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By Phil Mercer
27 October 2008
Australians are keeping a close eye on the U.S. presidential election, and there are indications that the race will help improve opinions of the United States. As Phil Mercer reports from Australia, the outcome of the race could have important effects on the ties between the two countries.
For months, the exhausting race to the White House has dominated the Australian media.
The collective might of America's economy, its military and culture dictates much of what happens around the world. Geoffrey Garrett, the head of the U.S. Studies Centre at the University of Sydney, thinks this presidential election matters more than most others in recent memory.
"I think the stakes are higher here not only in the U.S. but globally simply because the American reaction to September 11  has made the 2000s a pretty antagonistic decade and I think the world is watching now to see if the U.S. can come back into the global mainstream more," said Garrett.
A recent worldwide survey about the U.S. election showed that 76 percent of Australians want Democratic candidate Barack Obama to win, and 10 percent prefer his Republican rival John McCain.
|Senator Barack Obama campaigning in Cincinnati, Ohio, 09 Oct. 2008|
In the poll, by Readers' Digest, 17 percent of Australians surveyed said they were in favor of the U.S. government, against 67 percent who were neutral about it and 15 percent who opposed it.
However, 58 percent said their opinion of the U.S. would improve if Obama is elected, against 15 percent for McCain.
The two countries have been close allies since the early 1950s. It is an enduring alliance that saw Australian troops serve in the Vietnam War, as well as more recently in Iraq and Afghanistan.
Canberra needs the relationship - and the guarantees of military assistance that go with it - far more than Washington does. Australia's commitment to conflicts in Iraq and Afghanistan is what experts describe as "alliance maintenance" - a diplomatic necessity to ensure that the security umbrella the U.S. provides remains intact.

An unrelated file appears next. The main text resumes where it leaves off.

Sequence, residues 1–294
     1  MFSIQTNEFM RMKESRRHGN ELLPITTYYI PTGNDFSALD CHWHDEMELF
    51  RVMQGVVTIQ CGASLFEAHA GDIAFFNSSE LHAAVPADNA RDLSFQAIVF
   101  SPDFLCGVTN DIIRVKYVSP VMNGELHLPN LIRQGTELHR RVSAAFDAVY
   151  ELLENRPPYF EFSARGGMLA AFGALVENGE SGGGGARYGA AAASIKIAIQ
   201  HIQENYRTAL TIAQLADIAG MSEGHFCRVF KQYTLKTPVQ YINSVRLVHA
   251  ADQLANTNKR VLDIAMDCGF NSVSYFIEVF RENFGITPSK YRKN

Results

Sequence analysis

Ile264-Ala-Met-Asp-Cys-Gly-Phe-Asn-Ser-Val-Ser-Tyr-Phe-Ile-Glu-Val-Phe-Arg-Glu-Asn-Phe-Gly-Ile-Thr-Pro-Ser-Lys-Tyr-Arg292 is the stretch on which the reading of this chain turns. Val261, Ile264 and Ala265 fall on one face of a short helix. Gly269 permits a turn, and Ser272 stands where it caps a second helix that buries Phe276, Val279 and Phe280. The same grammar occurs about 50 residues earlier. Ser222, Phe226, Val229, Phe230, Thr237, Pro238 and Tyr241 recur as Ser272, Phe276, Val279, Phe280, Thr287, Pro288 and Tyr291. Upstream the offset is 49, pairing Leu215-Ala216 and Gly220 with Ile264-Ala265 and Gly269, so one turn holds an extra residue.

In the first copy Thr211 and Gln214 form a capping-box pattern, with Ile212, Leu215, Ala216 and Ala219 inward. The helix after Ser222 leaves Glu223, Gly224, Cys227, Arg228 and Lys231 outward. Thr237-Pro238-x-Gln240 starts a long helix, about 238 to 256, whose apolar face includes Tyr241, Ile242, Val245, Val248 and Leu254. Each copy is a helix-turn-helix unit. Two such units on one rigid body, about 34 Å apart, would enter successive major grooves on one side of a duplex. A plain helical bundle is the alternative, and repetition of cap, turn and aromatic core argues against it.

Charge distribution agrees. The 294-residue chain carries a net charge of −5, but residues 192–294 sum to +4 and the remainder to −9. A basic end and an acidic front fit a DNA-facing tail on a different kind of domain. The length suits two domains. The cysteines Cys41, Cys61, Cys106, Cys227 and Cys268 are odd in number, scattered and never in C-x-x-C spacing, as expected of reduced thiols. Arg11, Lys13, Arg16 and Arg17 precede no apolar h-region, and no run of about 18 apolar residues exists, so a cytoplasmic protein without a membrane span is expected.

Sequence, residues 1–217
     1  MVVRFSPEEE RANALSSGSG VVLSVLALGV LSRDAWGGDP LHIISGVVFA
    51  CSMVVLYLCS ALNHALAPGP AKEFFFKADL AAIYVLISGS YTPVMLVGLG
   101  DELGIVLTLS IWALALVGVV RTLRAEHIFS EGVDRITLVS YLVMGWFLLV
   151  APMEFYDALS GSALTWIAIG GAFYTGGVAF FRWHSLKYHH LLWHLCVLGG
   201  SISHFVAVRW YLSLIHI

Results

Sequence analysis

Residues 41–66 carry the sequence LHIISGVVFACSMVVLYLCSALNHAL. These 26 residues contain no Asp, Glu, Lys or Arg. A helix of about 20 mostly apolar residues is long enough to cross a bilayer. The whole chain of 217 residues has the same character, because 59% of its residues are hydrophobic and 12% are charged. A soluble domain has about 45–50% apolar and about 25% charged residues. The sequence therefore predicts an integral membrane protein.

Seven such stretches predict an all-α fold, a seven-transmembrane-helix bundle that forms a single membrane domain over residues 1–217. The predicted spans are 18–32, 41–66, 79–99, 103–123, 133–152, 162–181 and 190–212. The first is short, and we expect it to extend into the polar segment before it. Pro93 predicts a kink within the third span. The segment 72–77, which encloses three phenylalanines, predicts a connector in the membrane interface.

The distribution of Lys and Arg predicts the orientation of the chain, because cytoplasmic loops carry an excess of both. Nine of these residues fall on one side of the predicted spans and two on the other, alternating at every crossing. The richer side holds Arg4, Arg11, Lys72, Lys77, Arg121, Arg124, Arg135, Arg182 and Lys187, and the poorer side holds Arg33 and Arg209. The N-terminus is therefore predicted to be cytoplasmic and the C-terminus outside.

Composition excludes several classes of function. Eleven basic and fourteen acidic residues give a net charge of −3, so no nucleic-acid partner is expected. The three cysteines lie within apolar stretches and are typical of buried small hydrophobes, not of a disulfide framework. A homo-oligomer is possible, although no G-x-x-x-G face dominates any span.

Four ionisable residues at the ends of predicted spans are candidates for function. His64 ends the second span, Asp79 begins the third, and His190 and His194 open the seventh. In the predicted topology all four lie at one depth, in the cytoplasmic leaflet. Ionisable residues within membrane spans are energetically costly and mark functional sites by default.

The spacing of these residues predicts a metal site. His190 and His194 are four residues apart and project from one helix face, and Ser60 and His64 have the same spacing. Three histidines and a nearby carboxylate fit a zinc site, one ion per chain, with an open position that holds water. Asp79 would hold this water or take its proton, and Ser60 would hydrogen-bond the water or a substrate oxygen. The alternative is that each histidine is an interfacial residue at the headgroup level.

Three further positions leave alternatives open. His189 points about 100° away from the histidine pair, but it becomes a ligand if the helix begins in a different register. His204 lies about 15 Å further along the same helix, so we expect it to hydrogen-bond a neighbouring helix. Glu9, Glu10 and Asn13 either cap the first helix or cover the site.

Garrett says Australia could see the next U.S. administration asking for additional help in Afghanistan.
"Kevin Rudd, the Australian prime minister, not only said he wanted to withdraw combat troops from Iraq, he said that Afghanistan was 'the right war,' which, of course, is what Barack Obama has said," he said. "So, I would imagine that the next U.S. president is going to come calling on Prime Minister Rudd asking for more Australian involvement in Afghanistan in 2009 or 2010."
Despite the close relationship with the U.S., Australians have been generally disappointed with the administration of President Bush. In one University of Sydney poll last year, 45 percent of Australians had unfavorable views of the U.S. government.
However, former Deputy Prime Minister Kim Beazley does not think that public opinion here has turned against the U.S. alliance.
"Even though there are high levels of disapproval of the Iraq war and unfortunately also at the moment of our engagement in Afghanistan, there's been only glacial movement in the underpinning support for the United States alliance," said Beazley. "That is not necessarily the case elsewhere around the world. That is probably unique to Australia."
Mr. Beazley thinks the world's current financial problems will help Barack Obama win what he calls "most captivating U.S. election since the Kennedy-Nixon race in 1960."
"I personally think but for this economic meltdown he probably would not have fallen across the line," he said. "Now it looks as though he likely will."
A year ago voters in Australia ushered in a new political when Labor leader Kevin Rudd swept to victory in national elections, ending a decade of conservative government. There is an expectation here that Americans will do the same on November 4.
|Prime Minister Kevin Rudd with deputy, Julia Gillard in Canberra (file)|
"First black president and all. I mean, that's probably the first thing people are looking at," said one Australian. "Yeah, the possibility that could happen in a country that's seen as being so racist America, yeah definitely.
Some Australians, however, are not convinced that the Illinois senator has what it takes to lead the world's most powerful nation.
"Obama - I have great hesitation thinking of the world as it is at the moment and how dangerous it is. More or less the unknown. I think he's very much new blood and very interesting that way," said one woman. "McCain I think is very much the old school - that's how I look at him. But he's probably someone I'm not so interested in but maybe he's safe to a lot of people."
In another recent survey, by the Gallup organization, 76 percent of Australians said they thought the U.S. election would have an effect in their own country. In that poll, 64 percent of Australians wanted Obama to win, against 14 percent who favored McCain.